The old opposition, weak and fragmented, did not use the opportunity and was overtaken by another, new generation of opposition leaders who became political mobilisers in criticizing the preservation of the status quo and builders of the new negative consensus. Their slogan against the domination of the “party of swindlers and thieves” was originally simple (“do not give your vote to United Russia”) but it soon became popular. After the elections, it evolved into “give us our vote back” (demonstrators calling for organising new, fair elections) on 10 and 24 December, whereas during the third major demonstration, on 4 February, the slogan was “Putin go home”.
The Kremlin was unprepared for such large-scale mass protests that exceeded the technical boundaries of coercion, and pro-government Nashi were also inefficient to lead the counter-revolution. The announcement of electoral legislation amendments, signalling a move towards partial and protracted liberalisation, will probably not survive Medvedev. The fact that no roundtable talks were held signals a failure of the opponents’ bargaining attempts, a feature confirmed by the administrative counter-mobilisation of Putin’s supporters on 4 February.
Gel’man’s prognosis is that an open confrontation of the government against the opposition cannot be excluded. There are already reports of the state apparatus being mobilised to guarantee that Putin gets 50% of the votes already in the first round of the presidential elections, so as to avoid a run-off. This will again trigger mobilisation and benefit the opposition in the event that the regime behaves in a shameless, lawless or brutal way. Whatever the result of the elections, 4 March will thus be but another beginning. As for the scenario for the future, it is impossible to predict whether the liberalisation/ democratisation trend will prevail over that of a full authoritarian backlash.
Arkady Moshes opened the floor for discussion in stating that the regime is using administrative as much as ideational mobilisation resources to avoid the worst for itself: the fact that it did not allow the organisers of the 4 February protests to chose the route of their march shows that it tries to intercept the initiative. In not allowing Yabloko head Grigori Yavlinski to run in the upcoming presidential elections, and in refraining from mobilising Russians abroad to vote, the regime is reacting rationally to the threat of a declining electoral support.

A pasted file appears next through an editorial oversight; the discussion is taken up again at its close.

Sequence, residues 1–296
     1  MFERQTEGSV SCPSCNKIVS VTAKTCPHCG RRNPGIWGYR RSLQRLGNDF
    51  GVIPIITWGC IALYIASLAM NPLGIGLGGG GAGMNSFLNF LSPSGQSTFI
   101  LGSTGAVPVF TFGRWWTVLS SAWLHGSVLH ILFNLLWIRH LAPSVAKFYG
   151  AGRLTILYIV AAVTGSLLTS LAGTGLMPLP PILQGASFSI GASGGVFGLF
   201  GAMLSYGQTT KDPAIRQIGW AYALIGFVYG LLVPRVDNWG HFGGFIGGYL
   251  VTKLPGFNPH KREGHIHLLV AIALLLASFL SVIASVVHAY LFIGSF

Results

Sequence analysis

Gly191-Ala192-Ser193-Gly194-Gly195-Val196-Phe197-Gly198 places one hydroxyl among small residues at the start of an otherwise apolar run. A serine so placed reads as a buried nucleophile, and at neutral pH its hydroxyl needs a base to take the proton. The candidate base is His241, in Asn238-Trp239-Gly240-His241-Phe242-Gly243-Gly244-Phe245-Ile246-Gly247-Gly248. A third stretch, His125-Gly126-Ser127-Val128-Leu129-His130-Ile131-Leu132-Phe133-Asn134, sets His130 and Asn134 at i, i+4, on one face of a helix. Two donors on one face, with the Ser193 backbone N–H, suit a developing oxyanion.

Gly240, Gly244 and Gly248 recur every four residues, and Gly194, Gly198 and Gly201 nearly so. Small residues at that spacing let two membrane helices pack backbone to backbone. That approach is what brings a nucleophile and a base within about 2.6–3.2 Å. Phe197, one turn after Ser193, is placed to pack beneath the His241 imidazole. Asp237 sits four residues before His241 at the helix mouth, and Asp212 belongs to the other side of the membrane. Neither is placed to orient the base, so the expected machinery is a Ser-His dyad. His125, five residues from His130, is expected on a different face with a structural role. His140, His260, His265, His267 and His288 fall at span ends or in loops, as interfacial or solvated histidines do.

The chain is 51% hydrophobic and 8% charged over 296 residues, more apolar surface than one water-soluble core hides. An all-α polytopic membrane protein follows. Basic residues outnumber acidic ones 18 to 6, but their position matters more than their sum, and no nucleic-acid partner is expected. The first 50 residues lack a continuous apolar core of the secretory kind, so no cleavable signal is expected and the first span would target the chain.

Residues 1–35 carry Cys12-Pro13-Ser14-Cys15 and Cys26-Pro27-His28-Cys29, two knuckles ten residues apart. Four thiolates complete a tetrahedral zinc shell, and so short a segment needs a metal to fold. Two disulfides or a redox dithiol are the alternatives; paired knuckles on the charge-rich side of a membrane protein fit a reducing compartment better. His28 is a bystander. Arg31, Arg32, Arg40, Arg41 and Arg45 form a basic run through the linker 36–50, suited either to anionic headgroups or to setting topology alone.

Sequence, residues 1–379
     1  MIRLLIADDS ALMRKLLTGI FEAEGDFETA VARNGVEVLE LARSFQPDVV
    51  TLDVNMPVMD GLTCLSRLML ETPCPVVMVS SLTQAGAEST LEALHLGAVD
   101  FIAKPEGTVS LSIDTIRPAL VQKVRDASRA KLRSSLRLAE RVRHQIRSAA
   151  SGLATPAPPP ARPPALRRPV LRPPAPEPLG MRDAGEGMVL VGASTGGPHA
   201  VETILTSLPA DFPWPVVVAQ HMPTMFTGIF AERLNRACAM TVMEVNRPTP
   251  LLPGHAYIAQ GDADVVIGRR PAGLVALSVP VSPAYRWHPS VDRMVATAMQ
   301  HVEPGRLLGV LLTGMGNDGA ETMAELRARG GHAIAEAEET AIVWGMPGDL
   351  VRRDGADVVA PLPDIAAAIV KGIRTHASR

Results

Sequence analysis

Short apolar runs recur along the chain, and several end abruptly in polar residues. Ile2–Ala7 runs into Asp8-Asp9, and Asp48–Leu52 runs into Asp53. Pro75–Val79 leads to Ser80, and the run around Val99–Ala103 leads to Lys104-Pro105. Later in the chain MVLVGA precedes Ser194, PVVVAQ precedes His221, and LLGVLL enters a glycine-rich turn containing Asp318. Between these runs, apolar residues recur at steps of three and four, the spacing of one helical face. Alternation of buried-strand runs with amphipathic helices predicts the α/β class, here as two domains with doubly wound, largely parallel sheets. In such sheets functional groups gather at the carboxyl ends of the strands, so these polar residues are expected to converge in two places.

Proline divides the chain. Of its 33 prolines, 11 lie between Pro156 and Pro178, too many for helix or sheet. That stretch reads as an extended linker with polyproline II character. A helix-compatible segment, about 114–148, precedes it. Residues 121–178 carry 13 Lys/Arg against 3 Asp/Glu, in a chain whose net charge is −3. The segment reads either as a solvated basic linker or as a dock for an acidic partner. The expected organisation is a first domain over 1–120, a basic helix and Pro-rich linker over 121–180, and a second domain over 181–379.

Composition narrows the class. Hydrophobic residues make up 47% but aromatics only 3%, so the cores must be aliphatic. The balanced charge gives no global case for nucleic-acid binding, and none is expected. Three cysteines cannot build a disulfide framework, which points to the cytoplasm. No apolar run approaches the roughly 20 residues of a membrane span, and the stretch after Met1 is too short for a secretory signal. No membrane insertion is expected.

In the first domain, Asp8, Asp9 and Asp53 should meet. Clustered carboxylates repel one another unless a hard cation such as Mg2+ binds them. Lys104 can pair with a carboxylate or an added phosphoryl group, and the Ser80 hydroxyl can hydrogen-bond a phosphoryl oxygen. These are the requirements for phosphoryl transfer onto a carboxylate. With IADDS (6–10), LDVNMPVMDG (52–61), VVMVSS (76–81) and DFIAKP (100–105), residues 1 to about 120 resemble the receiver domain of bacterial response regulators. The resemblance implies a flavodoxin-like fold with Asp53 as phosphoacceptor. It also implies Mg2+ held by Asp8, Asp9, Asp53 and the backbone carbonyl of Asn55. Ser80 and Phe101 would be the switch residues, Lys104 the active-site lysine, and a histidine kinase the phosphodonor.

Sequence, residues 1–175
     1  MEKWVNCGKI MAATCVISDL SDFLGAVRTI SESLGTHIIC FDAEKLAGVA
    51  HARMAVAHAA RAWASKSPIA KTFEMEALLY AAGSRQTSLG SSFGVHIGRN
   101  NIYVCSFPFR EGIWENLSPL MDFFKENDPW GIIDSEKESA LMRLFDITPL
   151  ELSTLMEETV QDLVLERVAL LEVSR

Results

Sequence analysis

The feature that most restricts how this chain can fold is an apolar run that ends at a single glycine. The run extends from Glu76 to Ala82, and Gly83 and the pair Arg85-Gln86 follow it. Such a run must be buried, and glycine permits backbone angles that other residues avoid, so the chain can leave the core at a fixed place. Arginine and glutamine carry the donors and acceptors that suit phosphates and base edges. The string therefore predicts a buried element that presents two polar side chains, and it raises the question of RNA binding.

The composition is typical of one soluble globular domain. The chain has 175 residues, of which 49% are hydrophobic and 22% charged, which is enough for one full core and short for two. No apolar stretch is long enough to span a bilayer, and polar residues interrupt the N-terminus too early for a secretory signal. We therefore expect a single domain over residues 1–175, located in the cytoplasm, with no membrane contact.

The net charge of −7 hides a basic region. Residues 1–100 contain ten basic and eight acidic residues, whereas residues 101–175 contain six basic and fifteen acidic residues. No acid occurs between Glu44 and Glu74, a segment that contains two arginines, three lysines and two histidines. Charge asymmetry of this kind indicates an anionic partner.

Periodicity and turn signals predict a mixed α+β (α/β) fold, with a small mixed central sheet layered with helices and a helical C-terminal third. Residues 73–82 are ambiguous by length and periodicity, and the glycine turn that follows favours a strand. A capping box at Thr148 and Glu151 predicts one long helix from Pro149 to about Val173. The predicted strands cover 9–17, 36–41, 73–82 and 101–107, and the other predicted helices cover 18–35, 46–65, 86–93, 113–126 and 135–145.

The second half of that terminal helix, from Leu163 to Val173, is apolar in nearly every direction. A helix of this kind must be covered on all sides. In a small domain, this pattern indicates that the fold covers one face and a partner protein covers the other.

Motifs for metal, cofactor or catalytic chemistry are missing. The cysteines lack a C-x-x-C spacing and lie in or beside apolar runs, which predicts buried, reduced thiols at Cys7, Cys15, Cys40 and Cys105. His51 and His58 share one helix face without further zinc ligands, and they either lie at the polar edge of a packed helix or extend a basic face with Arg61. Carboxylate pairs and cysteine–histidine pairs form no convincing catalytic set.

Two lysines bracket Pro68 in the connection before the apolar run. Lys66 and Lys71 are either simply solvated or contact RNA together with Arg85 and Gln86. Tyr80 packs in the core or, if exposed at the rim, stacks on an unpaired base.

Questions from the audience raised a number of issues. Asked about the generation change factor (does it have to do with young people travelling more abroad?), Vladimir Gel’man said that globalisation alone favoured a spread of information and knowledge that allows people to be better prepared to understand the world, whereas the old intelligentsia, accustomed to “kitchen talks”, could already not compete with the rising star of the new generation of populist leaders, Alexei Navalny.
Another round of questions concerned how representative social media activists are of Russian society, notably outside of major urban centres. Panellists admitted that they are not representative and that a centre-periphery cleavage indeed persists, although election statistics show that United Russia also lost in smaller, peripheral cities such as Yaroslavl and Vladimir. Yet, as in rural areas, large protest mobilisation is almost impossible there due to the weakness of social networks, a lower number of activists, and the fear that too much visibility would call on them targeted repression. However, the main purpose of NGOs such as the League of electors being to strive for the Parliament to become more representative of the whole population, one cannot rule out that mobilisation, whether online or off-line, reaches the regions.
Regarding the possibility that communists, currently the only opposition party present in the Duma, could gain from the announced legislative amendments, Gel’man answered that the rise of out-of-system opposition is actually more dangerous for them than it is for United Russia. Lastly, questions revolved around the issue of the future impact of on- and off-line protest mobilisation. The panellists could not predict how things will evolve, given that the opposition, whether traditional or through social networks, does not seem to have a post-electoral strategy. Yet, the opposition being now based on a “negative consensus”, political camps might well split and new parties appear and clash in the future. As for the social networks, they lack organisation and a “positive agenda”. Therefore, much will actually depend on the attitude of the regime itself.